The excel sheet pictured below to the left shows the night watches on the top and below are the task lists. The print out on the right shows where all our stopcocks are located in case we have to quickly turn one off. We kept both printouts on our daughters art line for the duration of the journey.
When crossing the Atlantic we made a schedule that allowed for everyone to do every shift with ever person and then repeated through the schedule. There were never any complaints – all the crewmembers simply looked at the schedule and did their shift.
By having the schedule ready in advance there was no need for discussion – it was just part of the journey.
With cooking, housekeeping and maintenance I created a schedule right below the night watch schedule so everything was on one sheet of paper. The tasks to be preformed every day included:
- Vacuum the whole boat and soft furnishings (sofa and couch)
- Clean the heads
- General pick up including trash/rubbish duty
- Cockpit clean up
- Rigging check
- Engine and generator checks
- Lunch duty and clean up
- Dinner duty and clean up
So, every day each crewmember would look at their duties for the day. I left off breakfast and relied on everyone to get their own grub and clean up after himself or herself. For other meals, people could choose to heat up one of the premade meals, I made and froze in advance, or make a meal of their own.
And when we caught fish, we ate the fish until it was gone. After catching a tuna we had it for lunch, dinner, and lunch the next day!
The schedule worked so well. On the odd occasion a couple crewmembers would switch tasks or when someone was unwell everyone banded together to replace the ill person. There was no opportunity for slackers as the job had to get done. In the end, the boat was kept tidy, we ate a nice meal every night and the things that needed to be serviced were serviced.
(If you’d like a copy of my excel schedule, email me and I’ll send it to you)
6. Normal games (board, tile, card)
While sailing long distance there are only so many things you can do for entertainment. We often watched movies at night, read books during the day and many of us took long naps.
When a bunch of us were in the cockpit, however, either the Rumikub or deck of cards would come out. Rumikub, a tile game similar to the card game Rummy, was usually our preferred game due to the wait of the tiles.
With our sticky mats covering the surface of the table we’d lay out the tiles and play the game without fear of the tiles being blown away. Cards often went flying and board game pieces didn’t like to stay standing!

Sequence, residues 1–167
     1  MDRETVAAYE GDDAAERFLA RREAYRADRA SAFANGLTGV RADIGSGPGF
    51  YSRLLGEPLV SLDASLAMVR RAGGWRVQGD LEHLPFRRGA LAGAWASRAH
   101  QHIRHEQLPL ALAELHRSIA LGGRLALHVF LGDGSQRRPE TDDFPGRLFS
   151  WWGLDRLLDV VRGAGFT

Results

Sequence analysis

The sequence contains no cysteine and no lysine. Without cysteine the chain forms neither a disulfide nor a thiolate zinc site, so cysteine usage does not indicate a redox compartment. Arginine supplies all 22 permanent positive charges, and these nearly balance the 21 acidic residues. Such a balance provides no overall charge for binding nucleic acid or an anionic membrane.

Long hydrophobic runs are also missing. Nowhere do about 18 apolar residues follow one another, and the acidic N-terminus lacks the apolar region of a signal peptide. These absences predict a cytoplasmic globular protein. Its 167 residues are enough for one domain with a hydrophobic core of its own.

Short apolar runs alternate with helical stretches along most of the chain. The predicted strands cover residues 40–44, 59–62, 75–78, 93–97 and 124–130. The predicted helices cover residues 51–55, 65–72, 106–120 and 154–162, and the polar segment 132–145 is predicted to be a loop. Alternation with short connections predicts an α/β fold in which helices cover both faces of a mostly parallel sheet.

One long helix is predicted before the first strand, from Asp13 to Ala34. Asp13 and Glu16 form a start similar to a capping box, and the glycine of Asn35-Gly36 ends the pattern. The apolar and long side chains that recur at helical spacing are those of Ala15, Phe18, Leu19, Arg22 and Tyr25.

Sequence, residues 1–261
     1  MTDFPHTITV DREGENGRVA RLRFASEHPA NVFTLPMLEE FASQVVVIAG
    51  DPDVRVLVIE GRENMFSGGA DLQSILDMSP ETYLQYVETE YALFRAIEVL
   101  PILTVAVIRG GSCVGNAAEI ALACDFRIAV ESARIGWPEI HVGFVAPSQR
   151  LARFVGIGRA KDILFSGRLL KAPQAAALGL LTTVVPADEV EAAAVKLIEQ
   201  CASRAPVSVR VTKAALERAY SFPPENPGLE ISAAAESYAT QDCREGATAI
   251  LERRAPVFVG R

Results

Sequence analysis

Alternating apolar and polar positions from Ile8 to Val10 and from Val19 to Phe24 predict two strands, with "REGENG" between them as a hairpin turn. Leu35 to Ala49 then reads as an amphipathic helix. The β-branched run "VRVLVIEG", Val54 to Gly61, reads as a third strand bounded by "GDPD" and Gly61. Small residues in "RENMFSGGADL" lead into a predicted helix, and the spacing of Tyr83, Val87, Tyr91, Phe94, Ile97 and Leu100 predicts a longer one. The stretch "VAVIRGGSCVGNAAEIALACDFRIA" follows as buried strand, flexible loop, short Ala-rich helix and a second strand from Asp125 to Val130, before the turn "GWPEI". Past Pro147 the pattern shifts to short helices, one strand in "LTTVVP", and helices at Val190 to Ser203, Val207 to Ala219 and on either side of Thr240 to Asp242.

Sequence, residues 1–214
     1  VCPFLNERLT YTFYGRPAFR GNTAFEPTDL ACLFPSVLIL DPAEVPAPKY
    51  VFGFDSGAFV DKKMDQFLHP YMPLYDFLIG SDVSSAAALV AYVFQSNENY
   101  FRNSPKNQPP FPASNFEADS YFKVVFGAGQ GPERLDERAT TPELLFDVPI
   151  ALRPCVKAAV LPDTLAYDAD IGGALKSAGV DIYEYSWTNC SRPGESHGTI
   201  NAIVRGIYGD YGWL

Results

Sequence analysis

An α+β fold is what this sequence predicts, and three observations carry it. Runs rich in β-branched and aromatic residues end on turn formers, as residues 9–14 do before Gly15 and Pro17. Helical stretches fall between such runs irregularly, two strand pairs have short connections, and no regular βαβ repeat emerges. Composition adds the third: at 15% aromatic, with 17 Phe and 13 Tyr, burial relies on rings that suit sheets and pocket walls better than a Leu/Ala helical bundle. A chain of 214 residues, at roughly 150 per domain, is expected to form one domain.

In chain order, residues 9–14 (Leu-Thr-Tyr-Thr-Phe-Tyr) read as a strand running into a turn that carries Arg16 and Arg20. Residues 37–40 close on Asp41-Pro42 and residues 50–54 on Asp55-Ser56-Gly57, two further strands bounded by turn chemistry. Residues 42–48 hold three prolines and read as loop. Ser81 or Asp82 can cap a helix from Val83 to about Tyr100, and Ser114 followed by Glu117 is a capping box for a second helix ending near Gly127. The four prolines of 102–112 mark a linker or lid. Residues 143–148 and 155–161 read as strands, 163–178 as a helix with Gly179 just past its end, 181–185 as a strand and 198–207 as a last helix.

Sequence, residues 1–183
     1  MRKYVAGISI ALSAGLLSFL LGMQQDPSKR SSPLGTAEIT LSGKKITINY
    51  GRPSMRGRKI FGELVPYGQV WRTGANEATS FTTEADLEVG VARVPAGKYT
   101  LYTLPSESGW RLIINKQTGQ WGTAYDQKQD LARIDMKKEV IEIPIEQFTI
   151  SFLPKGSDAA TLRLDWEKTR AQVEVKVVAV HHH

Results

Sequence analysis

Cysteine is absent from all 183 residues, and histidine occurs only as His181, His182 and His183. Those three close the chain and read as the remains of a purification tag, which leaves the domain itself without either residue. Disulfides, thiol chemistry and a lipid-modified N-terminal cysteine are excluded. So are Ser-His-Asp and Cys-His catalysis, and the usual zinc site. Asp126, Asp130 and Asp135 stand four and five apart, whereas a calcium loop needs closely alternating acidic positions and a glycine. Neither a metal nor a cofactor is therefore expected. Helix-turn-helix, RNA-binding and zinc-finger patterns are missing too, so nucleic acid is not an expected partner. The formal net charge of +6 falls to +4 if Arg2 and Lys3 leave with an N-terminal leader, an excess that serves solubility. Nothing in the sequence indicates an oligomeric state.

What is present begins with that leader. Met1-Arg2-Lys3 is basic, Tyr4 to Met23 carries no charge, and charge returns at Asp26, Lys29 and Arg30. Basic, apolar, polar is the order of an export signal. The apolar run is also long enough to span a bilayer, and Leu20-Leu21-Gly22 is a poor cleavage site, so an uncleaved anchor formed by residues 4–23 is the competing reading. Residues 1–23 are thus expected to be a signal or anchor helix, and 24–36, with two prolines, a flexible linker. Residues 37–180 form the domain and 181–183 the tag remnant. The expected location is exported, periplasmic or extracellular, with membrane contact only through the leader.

Whenever we played Rumikub we’d keep a running tally so to award someone a prize at the end of the trip.
Aside from Rumikub we also played cards, chess, and a few question trivia games.
7. Proper fishing gear (Pole, gaff, old towel, fillet knife, cutting board)
If you’re planning on catching fish and you’re not a natural born fisherperson (like us), there’s a few non-essential essential fishing things you need. Aside from the rod and reel with strong fishing line, I highly suggest a 5’ to 6’ gaff. A gaff is a long pole with a hook on the end used for spearing and lifting the fish when you get it alongside the boat. I took a photo of our gaff in the next picture – it looks small but it’s very sold and long.
When fishing in the Atlantic off a sailboat, the fish are too large for a net and having a person get down on the sugar scoop (back part of the boat close to the water) to grab a fish is way too dangerous. The risk for man-over-board (MOB) is way too high. With a long gaff you can safely stay on the boat, reach down and gaff the fish.
Additionally, it’s important to note that filleting a fish is dirty business. There’s a massive amount of blood and quite a bit of space is needed. We used the area at the aft or back of the boat for our fish cleaning station. After we caught our fish, we’d quickly end its life while holding the head of the fish in a bucket over an old sheet. Before we put the sheet and bucket down, we’d wash the deck with salt water. We use that same trick before we put Diesel in our tanks – if you wet the deck with saltwater it’s less likely that you’ll get stains.